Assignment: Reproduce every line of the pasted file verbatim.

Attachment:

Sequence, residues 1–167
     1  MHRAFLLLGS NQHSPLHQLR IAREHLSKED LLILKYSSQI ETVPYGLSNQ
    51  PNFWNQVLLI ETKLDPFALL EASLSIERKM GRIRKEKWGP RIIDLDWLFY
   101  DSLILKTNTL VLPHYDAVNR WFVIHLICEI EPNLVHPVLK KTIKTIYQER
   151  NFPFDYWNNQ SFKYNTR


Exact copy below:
Sequence, residues 1–167
     1  MHRAFLLLGS NQHSPLHQLR IAREHLSKED LLILKYSSQI ETVPYGLSNQ
    51  PNFWNQVLLI ETKLDPFALL EASLSIERKM GRIRKEKWGP RIIDLDWLFY
   101  DSLILKTNTL VLPHYDAVNR WFVIHLICEI EPNLVHPVLK KTIKTIYQER
   151  NFPFDYWNNQ SFKYNTR